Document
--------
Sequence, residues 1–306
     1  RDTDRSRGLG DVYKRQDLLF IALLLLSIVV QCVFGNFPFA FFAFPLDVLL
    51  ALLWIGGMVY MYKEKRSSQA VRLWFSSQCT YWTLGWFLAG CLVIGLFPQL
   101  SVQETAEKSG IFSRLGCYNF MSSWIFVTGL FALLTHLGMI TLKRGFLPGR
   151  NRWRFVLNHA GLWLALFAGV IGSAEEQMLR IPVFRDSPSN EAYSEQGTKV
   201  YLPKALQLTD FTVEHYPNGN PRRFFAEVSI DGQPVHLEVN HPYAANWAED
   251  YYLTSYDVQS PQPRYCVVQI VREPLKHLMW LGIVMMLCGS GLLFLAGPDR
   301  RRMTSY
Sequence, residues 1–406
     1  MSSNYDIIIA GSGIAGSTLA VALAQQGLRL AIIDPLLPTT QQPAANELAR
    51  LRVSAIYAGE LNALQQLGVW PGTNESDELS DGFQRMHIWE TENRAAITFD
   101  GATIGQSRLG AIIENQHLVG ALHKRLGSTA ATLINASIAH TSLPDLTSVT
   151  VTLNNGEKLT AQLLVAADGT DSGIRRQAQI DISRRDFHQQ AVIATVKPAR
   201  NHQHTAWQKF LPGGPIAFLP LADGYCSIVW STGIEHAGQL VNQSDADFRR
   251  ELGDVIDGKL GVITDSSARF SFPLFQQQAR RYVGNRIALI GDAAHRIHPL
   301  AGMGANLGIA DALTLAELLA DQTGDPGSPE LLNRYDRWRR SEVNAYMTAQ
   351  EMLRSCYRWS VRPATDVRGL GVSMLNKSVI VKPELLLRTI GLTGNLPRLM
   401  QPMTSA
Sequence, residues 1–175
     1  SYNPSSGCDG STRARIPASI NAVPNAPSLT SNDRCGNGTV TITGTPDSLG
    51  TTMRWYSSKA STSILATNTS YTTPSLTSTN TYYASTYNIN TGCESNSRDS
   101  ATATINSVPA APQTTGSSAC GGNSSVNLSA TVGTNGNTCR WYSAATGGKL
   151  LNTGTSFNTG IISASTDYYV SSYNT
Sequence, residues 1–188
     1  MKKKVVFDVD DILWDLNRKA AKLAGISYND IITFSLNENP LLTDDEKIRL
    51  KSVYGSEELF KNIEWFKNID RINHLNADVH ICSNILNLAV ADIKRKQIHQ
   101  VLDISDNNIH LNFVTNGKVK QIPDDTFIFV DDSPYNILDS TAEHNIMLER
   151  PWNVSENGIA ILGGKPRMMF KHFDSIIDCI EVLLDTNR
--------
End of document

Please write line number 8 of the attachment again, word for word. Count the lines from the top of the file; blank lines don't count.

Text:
   301  RRMTSY